As the most connected country on Earth, the United States is also the largest target for both cyber attacks and cyber crimes. Accordingly, cybersecurity is of the utmost importance to all of us.
Many of us have experienced cybercrime through using credit cards. Just as department stores consider shrinkage through shoplifting part of the “cost of doing business,” financial institutions have considered credit card fraud part of the normal cost of business.
The effect on consumers is largely harmless — legislation limits liability for stolen cards to $50 if the loss is promptly reported, and there is no liability for fraud due to stolen information. This situation — along with the fact that computer networks were designed for exchanging scientific information between users assumed to be trustworthy — has led to the development of today’s insecure computer networks, which has enabled cybercrime to grow with no great public outrage.
Cybersecurity has only recently entered public consciousness, as cyberattacks and identity theft have become common. We hear of new situations daily. Most recently, we’ve heard about people who find their computer's information being held for ransom, as well as the attempts of other nations to influence the outcome of elections using technology.
Our national security and our ongoing economic competitiveness depend on our development into a global cyberpower. That is, we must ensure that we control the development of this cyberrevolution on our own terms, without the possibility of interference from others.
In order to prosper economically — and at the same time meet the growing challenges we face — we must develop greater numbers of cybersecurity professionals, and we must increase the knowledge and awareness of the risks of the cyberdomain to the public at large. People remain the weakest link in attempts to increase cybersecurity. Technological security developments help little when people use insecure passwords and can be easily convinced to follow links to sites designed to capture their security information.
The number of situations in which we have to think about cybersecurity continues to grow. Today, along with network and cloud security, we must also consider the Internet of Things (IoT). The IoT includes everything from kitchen appliances to cars. Many things that we buy contain computers, and these devices can often connect to our home network with little security. This lack of security has already been exploited to mobilize distributed denial of service (DDoS) attacks on a variety of sites. DDoS attacks can now encompass contributions from refrigerators and toasters, as well as more commonly exploited devices like computers, routers and security cameras.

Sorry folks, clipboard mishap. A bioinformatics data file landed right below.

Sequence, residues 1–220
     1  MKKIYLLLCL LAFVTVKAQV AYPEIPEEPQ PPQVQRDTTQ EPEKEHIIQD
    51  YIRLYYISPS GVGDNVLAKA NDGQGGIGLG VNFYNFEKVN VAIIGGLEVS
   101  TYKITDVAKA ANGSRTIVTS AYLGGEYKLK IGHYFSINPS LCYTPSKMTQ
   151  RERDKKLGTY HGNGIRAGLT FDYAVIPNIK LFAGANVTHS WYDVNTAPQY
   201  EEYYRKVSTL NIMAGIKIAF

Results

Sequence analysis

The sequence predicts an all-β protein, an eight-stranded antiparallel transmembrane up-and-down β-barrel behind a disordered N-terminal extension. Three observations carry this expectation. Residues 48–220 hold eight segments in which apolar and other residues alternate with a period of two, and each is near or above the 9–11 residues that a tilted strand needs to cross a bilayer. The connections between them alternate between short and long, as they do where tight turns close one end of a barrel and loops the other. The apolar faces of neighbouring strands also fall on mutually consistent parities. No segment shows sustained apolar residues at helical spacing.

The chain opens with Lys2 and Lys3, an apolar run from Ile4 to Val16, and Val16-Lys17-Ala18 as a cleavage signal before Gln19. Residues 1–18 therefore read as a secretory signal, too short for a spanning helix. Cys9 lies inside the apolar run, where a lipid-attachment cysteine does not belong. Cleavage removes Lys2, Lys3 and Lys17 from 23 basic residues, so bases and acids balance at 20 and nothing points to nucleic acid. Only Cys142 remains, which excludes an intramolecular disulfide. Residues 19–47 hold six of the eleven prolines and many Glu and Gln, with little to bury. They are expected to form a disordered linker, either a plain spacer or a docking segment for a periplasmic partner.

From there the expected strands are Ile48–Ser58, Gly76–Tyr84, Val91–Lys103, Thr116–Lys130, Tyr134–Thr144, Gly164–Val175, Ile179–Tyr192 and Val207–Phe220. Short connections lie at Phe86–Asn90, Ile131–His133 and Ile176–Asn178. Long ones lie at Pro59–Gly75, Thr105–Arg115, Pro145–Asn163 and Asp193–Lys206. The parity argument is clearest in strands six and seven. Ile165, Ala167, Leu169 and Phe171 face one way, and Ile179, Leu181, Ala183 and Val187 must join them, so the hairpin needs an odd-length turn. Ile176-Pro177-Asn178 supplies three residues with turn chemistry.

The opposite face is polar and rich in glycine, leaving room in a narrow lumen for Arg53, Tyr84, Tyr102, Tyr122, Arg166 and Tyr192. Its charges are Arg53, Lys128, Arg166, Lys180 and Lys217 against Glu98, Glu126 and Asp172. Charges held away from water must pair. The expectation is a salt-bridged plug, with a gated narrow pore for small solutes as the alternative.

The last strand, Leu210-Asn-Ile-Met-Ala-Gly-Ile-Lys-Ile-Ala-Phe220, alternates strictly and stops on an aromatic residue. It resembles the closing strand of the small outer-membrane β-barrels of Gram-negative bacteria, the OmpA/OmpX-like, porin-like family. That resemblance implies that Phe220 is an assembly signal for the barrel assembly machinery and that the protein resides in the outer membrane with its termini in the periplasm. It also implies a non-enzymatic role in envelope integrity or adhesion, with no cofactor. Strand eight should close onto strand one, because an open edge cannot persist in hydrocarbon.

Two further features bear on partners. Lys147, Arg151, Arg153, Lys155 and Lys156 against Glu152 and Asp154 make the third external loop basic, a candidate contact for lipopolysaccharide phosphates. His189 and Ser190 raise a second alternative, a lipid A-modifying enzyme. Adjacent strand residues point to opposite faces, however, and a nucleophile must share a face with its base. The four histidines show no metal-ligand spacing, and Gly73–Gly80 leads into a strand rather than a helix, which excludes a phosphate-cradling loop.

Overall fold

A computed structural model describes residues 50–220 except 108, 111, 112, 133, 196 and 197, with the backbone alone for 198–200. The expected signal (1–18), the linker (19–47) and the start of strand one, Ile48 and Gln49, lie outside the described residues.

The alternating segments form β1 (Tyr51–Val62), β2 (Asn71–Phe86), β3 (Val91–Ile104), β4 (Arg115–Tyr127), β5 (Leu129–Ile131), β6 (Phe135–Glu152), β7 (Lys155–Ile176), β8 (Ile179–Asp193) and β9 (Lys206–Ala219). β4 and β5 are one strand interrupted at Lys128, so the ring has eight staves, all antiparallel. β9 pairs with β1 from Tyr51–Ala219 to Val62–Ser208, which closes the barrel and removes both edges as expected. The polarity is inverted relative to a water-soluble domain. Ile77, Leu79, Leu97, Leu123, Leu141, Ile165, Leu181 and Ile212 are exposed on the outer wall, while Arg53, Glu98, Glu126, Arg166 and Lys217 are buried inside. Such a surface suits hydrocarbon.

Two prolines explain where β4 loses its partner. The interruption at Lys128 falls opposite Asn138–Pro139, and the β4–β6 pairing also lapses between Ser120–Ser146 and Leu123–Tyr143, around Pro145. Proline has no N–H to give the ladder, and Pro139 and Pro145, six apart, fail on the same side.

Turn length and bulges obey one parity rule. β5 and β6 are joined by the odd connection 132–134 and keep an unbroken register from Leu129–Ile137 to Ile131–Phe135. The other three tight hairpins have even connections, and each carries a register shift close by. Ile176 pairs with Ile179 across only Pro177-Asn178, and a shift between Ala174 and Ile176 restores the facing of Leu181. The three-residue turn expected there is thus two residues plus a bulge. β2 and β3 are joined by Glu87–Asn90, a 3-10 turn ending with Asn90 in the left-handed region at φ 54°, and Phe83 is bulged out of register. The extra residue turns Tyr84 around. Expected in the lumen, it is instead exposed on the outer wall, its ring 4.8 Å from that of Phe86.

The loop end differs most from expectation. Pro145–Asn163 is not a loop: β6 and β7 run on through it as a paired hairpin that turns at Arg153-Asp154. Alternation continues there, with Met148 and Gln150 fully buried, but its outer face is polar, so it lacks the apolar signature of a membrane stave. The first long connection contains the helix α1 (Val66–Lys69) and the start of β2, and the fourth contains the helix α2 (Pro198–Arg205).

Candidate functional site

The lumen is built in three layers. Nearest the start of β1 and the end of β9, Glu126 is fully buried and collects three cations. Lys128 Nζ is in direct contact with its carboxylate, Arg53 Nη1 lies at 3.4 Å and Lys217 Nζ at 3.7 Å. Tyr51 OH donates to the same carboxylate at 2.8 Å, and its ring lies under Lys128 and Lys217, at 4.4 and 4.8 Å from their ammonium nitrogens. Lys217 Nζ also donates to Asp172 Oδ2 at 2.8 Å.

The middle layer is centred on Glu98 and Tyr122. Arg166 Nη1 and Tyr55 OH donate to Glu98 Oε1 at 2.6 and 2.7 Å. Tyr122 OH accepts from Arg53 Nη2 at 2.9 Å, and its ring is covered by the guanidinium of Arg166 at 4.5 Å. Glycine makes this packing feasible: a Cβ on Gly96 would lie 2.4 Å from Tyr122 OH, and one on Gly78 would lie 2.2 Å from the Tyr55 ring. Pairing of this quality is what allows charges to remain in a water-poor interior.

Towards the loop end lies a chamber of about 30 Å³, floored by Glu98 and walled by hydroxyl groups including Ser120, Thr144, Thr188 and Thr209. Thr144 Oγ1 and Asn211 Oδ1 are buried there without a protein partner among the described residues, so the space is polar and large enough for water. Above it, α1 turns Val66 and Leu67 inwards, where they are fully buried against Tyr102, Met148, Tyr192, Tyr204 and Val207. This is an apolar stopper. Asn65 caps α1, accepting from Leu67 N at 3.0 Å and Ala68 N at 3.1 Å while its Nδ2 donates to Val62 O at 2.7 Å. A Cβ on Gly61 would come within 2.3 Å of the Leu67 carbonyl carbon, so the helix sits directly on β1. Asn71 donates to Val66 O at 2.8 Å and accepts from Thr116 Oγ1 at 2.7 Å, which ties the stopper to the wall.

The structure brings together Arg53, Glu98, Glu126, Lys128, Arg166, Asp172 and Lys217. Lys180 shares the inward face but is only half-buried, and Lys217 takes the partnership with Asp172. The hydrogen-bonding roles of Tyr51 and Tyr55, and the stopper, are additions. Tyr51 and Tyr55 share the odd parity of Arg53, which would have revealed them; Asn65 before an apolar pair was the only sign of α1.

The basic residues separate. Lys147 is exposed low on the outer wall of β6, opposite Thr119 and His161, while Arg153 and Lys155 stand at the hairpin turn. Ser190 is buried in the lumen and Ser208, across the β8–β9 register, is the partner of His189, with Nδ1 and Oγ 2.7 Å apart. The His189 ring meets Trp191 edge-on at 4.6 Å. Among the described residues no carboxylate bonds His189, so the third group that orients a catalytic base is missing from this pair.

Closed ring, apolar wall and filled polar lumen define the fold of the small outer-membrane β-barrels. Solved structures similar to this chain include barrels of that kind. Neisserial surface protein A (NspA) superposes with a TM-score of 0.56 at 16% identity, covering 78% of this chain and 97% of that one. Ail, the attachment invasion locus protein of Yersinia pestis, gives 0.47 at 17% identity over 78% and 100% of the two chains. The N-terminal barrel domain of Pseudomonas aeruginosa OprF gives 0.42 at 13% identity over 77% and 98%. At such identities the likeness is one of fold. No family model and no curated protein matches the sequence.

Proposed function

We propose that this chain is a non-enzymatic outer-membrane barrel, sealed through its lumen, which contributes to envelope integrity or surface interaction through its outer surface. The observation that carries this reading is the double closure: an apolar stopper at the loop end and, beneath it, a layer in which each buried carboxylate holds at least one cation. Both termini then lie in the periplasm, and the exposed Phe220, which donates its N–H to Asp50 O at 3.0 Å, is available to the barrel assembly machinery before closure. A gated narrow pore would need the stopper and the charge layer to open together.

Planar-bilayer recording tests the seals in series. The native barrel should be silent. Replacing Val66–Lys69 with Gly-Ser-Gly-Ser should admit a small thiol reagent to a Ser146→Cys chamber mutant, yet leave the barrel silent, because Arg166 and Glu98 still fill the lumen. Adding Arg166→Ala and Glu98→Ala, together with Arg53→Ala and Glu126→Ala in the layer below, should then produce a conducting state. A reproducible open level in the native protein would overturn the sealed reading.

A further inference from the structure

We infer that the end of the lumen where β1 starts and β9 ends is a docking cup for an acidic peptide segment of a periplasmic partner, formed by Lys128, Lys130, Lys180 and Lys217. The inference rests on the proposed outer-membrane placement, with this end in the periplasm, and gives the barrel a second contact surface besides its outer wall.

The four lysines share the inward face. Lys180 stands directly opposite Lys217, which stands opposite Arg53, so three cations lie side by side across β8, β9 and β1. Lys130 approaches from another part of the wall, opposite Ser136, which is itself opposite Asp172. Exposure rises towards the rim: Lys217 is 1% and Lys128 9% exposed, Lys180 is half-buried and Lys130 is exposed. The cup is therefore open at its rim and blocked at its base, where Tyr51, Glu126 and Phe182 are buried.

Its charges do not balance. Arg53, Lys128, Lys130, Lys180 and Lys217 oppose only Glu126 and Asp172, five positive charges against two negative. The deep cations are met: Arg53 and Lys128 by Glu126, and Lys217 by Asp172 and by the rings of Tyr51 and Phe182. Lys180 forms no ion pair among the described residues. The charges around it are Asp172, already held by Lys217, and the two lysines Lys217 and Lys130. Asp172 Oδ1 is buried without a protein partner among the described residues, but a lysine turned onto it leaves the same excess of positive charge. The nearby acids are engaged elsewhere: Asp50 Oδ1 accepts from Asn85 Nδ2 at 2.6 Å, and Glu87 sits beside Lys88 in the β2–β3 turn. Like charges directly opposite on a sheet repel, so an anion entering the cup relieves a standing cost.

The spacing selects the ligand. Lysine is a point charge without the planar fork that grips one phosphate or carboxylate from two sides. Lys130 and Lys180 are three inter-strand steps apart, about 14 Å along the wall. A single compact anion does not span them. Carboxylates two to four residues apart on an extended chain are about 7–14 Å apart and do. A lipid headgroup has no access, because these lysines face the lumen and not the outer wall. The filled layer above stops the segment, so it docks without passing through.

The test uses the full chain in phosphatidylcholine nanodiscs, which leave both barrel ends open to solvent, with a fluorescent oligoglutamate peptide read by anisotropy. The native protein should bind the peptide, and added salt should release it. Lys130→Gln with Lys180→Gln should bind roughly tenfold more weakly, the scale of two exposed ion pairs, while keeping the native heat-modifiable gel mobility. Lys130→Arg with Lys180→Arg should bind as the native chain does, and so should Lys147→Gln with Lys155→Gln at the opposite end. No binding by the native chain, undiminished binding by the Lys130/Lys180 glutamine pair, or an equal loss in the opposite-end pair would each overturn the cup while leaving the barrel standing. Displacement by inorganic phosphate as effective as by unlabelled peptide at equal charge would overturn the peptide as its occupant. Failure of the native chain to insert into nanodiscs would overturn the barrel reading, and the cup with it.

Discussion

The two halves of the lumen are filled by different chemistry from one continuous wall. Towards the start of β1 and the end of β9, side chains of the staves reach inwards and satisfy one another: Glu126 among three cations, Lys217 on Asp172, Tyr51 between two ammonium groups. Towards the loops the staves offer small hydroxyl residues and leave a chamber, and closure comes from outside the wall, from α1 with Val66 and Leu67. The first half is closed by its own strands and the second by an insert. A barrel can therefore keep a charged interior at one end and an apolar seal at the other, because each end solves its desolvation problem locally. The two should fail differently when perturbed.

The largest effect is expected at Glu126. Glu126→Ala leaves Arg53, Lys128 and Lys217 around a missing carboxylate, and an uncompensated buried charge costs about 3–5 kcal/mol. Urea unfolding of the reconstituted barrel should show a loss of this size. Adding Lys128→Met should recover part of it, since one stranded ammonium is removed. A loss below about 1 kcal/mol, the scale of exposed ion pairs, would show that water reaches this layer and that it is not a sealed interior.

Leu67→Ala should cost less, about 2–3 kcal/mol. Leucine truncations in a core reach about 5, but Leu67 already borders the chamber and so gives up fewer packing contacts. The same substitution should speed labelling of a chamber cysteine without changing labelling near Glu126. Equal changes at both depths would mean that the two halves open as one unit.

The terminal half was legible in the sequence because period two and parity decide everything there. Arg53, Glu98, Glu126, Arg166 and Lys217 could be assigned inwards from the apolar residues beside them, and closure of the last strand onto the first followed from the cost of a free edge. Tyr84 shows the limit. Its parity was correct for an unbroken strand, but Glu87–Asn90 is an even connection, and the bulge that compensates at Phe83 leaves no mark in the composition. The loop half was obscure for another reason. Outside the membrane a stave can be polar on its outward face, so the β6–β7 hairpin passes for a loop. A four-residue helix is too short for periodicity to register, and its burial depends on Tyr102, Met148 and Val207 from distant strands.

Our transportation system is increasingly vulnerable — planes use autopilot and car manufacturers are developing self-driving modes. Indeed, Google already employs self-driving cars to update its maps. All such systems are vulnerable to hacking. We must develop the expertise to keep these systems secure before they can be more broadly deployed.
Universities are contributing to the development of more cyberprofessionals and the increase of public awareness of cybersecurity issues. These institutions are also increasing the number of cybersecurity professionals by augmenting existing courses and developing new courses and programs. The University of Central Arkansas is helping to increase public knowledge by offering cybersecurity camps funded by the Cyber Innovation Center based in Bossier City, Louisiana, and the Department of Homeland Security. Offered on the UCA campus each summer since 2014, these camps introduce teams of high school students and teachers to cybersecurity. Students who attend the camps become broadly aware of cybersecurity, and their teachers share the knowledge they gain when they return to their own classrooms.
The mobile, online and digital market research firm Juniper Research estimates that, globally, the cost of data breaches will be $2.1 trillion by 2019, or about four times the cost in 2015. Education — formal and informal — is the key to solving the issue of cybersecurity. It is a problem we must solve.
Dr. Stephen Addison is the dean of the College of Natural Sciences and Mathematics and professor of physics at the University of Central Arkansas, where he has been a faculty member since 1984. He is currently the vice president of the Arkansas Academy of Sciences.